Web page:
Critic’s Rating: 4/5
Cast: Sharman Joshi, Boman Irani, Ritvik Sahore, Paresh Rawal, Seema Pahawa
Direction: Rajesh Mapuskar
Story: A little boy dreams of nothing but cricket and his doting dad can go to any extent to make his son’s seemingly impossible dream come true. Even if it means stealing Tendulkar’s red-hot Ferrari for one day of his life.
Movie Review: Vroom! Vroom! It’s time to go zoom! Rev up those engines and turn up that turbo firepower for a ride on ‘560 horses’ (as the Ferrari’s horsepower is cutely referred to in this squeaky clean, red metal enterprise). Made for all boys, who never really grow up, and all children who aspire to grow into the revered boots of cricket legend Sachin Tendulkar. And nothing is more aspirational than a sparkling red Ferrari – the exact same one owned by the Little Master himself. A vehicle that grows beyond its phallic symbolism, psychologists refer to, and stays the dream toy of all big boys. The better to bait them with, my dear.
The bait here is a boy’s big dream, of being another Sachin someday. Kayo ( Ritvik Sahore) is a budding cricketer, with potential to play more than gully cricket. Rusy ( Sharman Joshi), a single father, with a modest job (as head clerk at Worli RTO), straight-laced, painfully honest with Raja Harishchandra-like qualities, has one goal – to fulfil his little boy’s dream. With a smile pinned on his face (brighter and shinier than a Ferrari at times) through all weather, he’s ready to take on the world (of cops, thugs, wedding planners, and our very own Tendulkar). Kayo qualifies for a training camp at the Mecca of cricket, Lords, but there’s a hitch on this pitch. Damn the talent, he needs to cough up big moolah for it. Mota Papa (Boman Irani), Rusy’s haggard and hopeless father – who’s lamenting a tragedy that’s changed the game of his life – dissuades them from driving a pointless, fancier-than-a-Ferrari dream. In the meanwhile, a local wedding planner (Seema Pahawa) has over-promised a thug politician a sawaari on red-hot wheels, for his nincompoop son’s baraat. And only Rusy can bail her out of this mess, with his cricket ka rishta, which steeps deep into his genes. Once the mean machine hits the road, all hell breaks loose, all rules are broken and thereon, begins a dream run that could even put Schumacher to shame.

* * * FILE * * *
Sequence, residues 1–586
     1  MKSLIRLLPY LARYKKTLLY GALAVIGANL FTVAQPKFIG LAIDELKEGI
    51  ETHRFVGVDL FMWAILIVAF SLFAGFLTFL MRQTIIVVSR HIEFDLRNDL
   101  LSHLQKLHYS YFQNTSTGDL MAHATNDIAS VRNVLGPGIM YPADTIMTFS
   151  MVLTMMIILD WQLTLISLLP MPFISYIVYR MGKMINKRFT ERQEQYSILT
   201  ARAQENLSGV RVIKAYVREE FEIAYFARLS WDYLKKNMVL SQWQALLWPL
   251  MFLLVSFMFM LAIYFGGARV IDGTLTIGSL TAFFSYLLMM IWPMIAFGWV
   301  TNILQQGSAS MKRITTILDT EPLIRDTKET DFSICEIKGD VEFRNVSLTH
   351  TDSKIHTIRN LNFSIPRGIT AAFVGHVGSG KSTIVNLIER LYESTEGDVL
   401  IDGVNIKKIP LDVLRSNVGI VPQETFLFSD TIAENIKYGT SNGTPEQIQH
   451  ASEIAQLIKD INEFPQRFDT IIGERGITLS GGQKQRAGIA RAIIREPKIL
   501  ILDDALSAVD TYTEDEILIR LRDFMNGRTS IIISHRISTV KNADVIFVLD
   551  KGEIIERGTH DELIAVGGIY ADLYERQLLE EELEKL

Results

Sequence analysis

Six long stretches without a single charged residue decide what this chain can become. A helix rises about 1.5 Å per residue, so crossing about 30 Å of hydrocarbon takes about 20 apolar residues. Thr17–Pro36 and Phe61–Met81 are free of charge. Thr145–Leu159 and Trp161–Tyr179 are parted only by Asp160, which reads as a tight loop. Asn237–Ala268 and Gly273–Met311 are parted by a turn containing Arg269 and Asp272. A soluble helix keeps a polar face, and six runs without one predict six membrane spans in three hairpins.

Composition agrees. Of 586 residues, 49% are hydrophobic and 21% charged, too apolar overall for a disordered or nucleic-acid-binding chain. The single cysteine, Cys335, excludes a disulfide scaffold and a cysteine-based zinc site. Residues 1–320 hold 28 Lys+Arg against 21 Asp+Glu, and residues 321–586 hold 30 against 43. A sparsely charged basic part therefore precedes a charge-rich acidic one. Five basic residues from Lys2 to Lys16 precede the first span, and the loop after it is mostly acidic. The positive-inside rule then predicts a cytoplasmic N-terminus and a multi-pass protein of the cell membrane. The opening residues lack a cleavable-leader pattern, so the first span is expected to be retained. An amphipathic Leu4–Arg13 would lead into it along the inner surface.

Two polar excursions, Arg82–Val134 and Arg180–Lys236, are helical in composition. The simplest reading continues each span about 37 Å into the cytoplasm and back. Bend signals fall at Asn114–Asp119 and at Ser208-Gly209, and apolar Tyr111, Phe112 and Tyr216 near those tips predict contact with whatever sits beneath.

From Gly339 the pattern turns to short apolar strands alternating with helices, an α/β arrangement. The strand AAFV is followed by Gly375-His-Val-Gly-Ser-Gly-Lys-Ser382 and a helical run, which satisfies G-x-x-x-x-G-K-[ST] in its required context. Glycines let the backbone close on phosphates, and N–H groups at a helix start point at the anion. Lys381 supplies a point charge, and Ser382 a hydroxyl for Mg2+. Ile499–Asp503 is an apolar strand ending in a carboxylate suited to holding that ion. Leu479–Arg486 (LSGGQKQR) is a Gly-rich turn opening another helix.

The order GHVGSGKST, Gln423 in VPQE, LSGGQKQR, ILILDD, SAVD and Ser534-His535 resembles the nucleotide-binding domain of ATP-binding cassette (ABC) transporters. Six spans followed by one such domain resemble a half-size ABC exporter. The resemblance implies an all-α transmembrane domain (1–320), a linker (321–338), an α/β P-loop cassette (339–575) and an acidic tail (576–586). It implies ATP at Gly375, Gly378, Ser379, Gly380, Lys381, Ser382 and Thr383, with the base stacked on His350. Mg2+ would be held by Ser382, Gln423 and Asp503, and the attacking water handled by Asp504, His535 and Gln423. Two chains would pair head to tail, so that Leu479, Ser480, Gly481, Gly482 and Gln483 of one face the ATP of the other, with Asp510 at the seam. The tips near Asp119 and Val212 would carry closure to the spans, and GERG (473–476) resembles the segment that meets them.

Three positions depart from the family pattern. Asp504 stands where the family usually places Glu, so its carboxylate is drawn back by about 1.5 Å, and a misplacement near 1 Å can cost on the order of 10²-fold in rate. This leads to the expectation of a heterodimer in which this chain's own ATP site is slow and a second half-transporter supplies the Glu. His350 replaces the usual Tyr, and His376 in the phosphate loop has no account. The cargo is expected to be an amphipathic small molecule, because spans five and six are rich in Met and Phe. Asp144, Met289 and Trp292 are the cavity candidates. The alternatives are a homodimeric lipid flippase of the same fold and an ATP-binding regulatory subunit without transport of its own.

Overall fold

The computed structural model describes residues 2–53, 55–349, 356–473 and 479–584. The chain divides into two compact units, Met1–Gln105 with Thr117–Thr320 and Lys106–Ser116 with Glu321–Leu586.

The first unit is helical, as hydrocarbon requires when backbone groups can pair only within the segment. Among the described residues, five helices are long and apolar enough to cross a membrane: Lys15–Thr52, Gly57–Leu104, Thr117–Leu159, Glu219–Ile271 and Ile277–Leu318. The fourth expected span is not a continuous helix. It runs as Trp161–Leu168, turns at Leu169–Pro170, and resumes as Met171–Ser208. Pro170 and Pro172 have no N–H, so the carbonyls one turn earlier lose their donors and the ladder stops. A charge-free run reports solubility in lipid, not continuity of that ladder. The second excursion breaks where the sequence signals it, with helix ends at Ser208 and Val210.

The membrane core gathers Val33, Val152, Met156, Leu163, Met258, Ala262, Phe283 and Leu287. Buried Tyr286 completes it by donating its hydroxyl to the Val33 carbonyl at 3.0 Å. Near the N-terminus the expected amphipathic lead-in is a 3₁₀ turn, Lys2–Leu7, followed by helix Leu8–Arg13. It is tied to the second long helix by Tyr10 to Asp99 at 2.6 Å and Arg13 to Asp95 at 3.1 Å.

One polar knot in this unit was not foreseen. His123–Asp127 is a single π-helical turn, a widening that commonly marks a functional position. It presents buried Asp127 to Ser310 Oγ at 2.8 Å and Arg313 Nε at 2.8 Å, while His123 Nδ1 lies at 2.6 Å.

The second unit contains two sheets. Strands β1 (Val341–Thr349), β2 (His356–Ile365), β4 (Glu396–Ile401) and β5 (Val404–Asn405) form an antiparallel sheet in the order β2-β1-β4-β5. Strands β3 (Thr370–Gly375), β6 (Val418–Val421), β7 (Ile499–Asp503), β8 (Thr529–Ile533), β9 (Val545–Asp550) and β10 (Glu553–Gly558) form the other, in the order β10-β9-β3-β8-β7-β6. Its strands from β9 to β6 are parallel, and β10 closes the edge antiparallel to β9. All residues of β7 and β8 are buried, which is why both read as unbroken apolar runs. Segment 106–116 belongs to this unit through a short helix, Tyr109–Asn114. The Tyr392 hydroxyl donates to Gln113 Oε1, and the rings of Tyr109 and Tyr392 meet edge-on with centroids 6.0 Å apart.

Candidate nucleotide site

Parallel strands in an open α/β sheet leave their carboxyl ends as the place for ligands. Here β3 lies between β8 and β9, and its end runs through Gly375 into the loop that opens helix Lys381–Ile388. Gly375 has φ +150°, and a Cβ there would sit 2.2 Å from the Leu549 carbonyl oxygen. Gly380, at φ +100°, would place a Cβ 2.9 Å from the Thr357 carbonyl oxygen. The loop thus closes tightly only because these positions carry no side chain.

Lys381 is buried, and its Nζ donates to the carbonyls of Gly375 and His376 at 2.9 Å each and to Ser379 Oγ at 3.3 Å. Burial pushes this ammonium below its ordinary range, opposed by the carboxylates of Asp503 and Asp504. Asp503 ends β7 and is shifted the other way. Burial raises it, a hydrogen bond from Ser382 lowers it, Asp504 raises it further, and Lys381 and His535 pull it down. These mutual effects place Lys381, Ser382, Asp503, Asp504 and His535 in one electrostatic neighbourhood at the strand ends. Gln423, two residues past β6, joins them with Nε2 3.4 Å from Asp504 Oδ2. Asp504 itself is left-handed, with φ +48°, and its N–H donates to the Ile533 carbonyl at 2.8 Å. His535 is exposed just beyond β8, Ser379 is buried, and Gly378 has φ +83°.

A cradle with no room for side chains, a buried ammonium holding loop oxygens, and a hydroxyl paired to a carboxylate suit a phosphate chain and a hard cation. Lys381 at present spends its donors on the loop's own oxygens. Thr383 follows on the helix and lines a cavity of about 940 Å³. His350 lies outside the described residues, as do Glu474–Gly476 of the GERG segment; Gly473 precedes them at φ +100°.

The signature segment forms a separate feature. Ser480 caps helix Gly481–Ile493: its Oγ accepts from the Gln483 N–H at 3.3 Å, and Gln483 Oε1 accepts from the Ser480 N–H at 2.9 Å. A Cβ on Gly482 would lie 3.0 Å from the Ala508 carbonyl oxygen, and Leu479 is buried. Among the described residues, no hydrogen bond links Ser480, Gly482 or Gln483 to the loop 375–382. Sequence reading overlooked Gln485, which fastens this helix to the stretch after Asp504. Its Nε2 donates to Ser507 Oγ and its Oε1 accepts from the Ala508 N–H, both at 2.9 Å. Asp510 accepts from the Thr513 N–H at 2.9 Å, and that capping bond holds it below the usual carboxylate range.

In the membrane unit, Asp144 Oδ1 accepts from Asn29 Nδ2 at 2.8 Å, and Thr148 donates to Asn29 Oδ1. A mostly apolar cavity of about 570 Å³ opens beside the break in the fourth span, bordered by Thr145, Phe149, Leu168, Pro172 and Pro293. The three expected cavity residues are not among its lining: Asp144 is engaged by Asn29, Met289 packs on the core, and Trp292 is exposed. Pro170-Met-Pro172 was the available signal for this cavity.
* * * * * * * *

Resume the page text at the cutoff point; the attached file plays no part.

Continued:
This indeed, signals a new innings in Sharman Joshi’s career. His performance is heart-warming, shuffling between light-hearted moments and tear-jerking emotions. Young Ritvik, like a true captain, holds the team together. This little stock of talent is so natural and expressive, he’ll bowl you over.
Boman Irani, with his Parsi nuances, hunchback, slur, and a beautiful play of emotions ranging from despondency to exuberance, delivers a smashing performance. Paresh Rawal, in a small role, ‘catches’ you, right on. Satyadeep Misra (coach Vilayat) and Seema Pahawa score big with their superb supporting acts.
Sometimes, it doesn’t take 11 players to make a dream team. Debutant director, Rajesh Mapuskar, has a winning team with just three, plus a red hottie (Ferrari of course, we’re not talking about boombaat Balan). And guess what…we don’t miss the presence of a pretty ‘maiden’ here too. The spirit of the film is in the effusive chemistry between Rusy and his son, which is entertaining and utterly moving. The writing (Mapuskar and Vidhu Vinod Chopra) is refreshing, Raju Hirani gives the dialogues his trademark spin, and the film unfolds with sheer subtlety and simplicity. Except that, the ride could’ve been shorter (jumping a few red signals would’ve helped), and a few speed bumps saved (a song with a flying red car). The climax goes on an emotional overdrive, and at times, with extra spoonfuls of sugar the film is too-good-to-be-true. But that’s feel good cinema for you!
What tosses in its favour is the uniqueness of the concept (so what if you missed a ride with the real Sachin in his laal gaddi). Look at the brighter side of life, dikra.Boman Irani Ferrari Ki Sawaari Paresh Rawal Rajesh Mapuskar Rajkumar Hirani Reviews Ritwik Sahore Sharman Joshi Times of India